51st annual event continues to Thursday
The eyes of the agricultural world once again turned to Tulare County Tuesday for the kickoff of the 51st annual World Ag Expo, and a visit from a special dignitary in its opening hours generated a lot of interest among attendees.
United States Secretary of Agriculture Sonny Perdue was in attendance at the International Agri-Center to participate in a town hall meeting, where he offered his thoughts on California agriculture and attendees expressed their concerns and questions.
After an introduction by U.S. Congressman David Valadao (R-CA 21st District), Secretary Perdue, who grew up on a dairy in Georgia, greeted the audience and expressed his impressions of California’s diverse agricultural landscape.
“As I ride through the Central Valley, it’s amazing to me to see all the diversity of the crops and all of the things you do to help feed a hungry nation and a hungry world. I’m honored to be here,” said Perdue.
He also expressed his enthusiasm about being at the biggest farm show in the country, describing himself as “a kid in a candy store.”
Perdue extolled the “blessings of meaningful, purposeful work” the agriculture industry offers, and praised the innovation of and resiliency of American farmers.
After a brief dialogue with California Farm Bureau President Jamie Johannson on the importance of receiving feedback on agriculture regulations, Perdue turned his attention to the concerns of the audience.
“I’m here to learn. I want to hear from you very candidly on what’s working and what’s not working, so tell me what’s on your mind,” said Perdue.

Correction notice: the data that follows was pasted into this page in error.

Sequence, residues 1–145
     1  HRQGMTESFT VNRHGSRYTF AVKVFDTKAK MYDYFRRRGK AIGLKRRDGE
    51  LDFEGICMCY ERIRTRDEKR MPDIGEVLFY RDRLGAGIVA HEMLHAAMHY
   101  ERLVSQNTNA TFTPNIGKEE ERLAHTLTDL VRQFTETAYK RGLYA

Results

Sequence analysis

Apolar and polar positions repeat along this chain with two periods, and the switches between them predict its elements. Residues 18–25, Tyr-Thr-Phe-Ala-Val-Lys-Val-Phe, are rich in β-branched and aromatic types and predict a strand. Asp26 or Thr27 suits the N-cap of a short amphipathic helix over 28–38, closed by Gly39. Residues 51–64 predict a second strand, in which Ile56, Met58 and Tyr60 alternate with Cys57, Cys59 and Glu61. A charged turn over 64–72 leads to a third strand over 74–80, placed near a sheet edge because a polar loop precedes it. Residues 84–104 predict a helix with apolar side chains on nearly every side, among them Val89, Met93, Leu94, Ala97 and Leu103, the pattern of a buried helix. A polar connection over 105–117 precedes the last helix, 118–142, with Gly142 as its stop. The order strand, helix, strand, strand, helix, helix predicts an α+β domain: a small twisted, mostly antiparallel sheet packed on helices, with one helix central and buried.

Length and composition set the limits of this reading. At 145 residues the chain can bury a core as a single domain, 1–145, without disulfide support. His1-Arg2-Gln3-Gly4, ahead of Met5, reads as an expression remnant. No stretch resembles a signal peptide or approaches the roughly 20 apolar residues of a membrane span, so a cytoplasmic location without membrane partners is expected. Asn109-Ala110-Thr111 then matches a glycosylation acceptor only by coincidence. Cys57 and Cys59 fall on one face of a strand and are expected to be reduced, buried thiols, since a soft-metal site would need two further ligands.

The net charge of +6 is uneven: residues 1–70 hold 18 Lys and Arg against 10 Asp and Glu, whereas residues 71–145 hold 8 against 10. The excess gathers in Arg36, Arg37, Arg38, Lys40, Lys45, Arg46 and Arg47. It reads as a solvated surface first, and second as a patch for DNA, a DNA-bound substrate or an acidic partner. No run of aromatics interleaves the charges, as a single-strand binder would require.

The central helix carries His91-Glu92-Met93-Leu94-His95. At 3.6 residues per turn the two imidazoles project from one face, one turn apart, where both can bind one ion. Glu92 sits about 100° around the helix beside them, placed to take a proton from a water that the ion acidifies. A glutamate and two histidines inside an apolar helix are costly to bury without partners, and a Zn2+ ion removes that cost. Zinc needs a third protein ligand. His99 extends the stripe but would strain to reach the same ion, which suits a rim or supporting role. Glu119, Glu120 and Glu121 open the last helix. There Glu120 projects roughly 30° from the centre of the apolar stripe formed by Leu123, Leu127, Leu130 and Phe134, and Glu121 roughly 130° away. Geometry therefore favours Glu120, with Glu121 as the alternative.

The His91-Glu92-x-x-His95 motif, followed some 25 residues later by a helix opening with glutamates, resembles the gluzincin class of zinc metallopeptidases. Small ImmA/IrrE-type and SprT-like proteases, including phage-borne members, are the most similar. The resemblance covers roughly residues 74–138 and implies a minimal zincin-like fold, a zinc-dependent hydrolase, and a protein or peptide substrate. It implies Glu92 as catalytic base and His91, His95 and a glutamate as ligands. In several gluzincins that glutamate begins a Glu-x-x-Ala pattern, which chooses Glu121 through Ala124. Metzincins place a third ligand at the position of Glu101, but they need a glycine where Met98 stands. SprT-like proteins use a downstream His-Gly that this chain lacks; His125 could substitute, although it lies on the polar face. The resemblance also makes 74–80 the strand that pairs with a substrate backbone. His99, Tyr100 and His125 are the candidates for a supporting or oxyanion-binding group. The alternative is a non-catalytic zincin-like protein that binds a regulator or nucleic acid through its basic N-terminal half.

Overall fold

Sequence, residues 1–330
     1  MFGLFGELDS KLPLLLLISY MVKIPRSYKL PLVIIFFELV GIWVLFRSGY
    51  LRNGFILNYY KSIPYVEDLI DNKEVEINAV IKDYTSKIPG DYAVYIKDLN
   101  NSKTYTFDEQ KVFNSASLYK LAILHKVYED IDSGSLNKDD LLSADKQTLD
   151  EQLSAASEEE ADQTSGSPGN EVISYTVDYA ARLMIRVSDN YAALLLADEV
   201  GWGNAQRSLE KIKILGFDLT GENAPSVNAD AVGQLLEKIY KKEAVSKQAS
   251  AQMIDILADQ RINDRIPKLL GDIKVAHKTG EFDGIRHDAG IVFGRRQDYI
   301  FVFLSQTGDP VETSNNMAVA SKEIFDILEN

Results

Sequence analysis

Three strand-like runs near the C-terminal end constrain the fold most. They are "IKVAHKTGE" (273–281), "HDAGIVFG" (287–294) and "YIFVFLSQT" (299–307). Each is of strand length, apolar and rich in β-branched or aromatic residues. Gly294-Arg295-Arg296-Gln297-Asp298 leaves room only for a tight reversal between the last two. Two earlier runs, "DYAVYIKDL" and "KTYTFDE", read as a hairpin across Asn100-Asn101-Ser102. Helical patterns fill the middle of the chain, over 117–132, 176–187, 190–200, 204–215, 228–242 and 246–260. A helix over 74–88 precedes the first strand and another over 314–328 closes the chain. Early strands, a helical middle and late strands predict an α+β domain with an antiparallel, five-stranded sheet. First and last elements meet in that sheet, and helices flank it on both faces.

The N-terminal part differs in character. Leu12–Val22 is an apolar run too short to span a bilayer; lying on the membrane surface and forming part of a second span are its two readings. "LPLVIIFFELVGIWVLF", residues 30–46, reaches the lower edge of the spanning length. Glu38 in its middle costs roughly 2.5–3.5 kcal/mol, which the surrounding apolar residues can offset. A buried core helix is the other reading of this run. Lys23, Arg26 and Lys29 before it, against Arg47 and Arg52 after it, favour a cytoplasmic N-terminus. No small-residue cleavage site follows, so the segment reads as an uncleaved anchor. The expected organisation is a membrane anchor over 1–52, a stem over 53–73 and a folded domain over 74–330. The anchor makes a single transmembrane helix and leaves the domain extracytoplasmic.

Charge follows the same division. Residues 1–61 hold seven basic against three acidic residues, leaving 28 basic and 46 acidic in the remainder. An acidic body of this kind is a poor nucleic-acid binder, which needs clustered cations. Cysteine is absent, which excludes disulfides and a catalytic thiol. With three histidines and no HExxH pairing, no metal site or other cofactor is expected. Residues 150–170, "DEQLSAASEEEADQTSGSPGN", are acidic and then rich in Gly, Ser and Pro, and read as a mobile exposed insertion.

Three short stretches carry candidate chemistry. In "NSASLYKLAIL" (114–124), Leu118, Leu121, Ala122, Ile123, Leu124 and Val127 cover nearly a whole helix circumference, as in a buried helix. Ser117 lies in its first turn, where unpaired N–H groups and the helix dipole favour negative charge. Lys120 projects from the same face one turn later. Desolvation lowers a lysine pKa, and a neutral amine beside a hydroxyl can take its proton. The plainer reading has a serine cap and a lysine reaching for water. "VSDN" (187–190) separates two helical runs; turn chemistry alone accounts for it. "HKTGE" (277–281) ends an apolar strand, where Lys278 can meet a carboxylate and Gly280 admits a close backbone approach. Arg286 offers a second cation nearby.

With that, the floor was opened to comments, and attendees posed a variety of questions and concerns to the Secretary relevant to the state’s ag industry.
One audience member asked for the Secretary’s assistance in facilitating California’s entry into the federal milk pool, and another expressed a need for federal assistance in expanding Highway 99 to six lanes to expedite deliveries to market.
A representative from the UC Cooperative Extension expressed the importance of federal funding for agricultural research, as well a need to make better distinctions between rural and metropolitan counties for the purposes of allocating those dollars, which drew a round of applause from the audience.
While most of Perdue’s responses were acknowledgments of concern or admissions that the question was beyond the scope of a town hall meeting, on some occasions he did offer a more certain answer.
In response to one person’s concern that California’s designation as a sanctuary state and ongoing disagreement with the White House on immigration policy would affect the amount of federal infrastructure funding it receives, Perdue said he didn’t think it would be an issue going forward.
A representative from the California Avocado Commission criticized the H-2A temporary ag worker immigration policy, claiming it isn’t flexible enough and is too expensive.
“A legal, foreign-born workforce is absolutely vital to California, as the rest of the farmers in the U.S. and again, looking to continue in the deregulatory environment to reduce the kind of regulations that are impediments to the safe production of food,” said Perdue in response.
Secretary Perdue was most recently in Nevada, and has visited 33 states in the past nine months in a mission to address the challenges facing American farmers.
Along with Valadao, Congressmen Jim Costa and Jeff Denham were also in attendance at the event.